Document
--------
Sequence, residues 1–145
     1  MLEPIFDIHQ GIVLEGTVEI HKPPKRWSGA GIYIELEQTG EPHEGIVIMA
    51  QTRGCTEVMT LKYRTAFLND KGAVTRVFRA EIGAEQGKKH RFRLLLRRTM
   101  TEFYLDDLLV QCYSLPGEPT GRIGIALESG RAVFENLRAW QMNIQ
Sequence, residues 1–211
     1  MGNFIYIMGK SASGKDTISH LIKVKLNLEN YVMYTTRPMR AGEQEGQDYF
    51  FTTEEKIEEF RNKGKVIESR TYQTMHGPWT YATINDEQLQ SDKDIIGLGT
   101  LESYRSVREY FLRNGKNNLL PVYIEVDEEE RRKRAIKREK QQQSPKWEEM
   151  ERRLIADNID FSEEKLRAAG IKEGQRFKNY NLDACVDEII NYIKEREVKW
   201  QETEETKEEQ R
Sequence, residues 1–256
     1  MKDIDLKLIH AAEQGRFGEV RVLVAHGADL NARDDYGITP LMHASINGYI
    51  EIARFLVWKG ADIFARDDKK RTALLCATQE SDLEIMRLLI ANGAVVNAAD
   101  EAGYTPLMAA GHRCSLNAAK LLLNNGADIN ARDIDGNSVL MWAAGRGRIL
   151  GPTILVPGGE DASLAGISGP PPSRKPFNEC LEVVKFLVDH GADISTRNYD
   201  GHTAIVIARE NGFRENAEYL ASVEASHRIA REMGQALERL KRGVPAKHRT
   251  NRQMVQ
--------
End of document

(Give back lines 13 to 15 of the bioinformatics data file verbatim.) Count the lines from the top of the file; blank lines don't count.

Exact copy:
    51  EIARFLVWKG ADIFARDDKK RTALLCATQE SDLEIMRLLI ANGAVVNAAD
   101  EAGYTPLMAA GHRCSLNAAK LLLNNGADIN ARDIDGNSVL MWAAGRGRIL
   151  GPTILVPGGE DASLAGISGP PPSRKPFNEC LEVVKFLVDH GADISTRNYD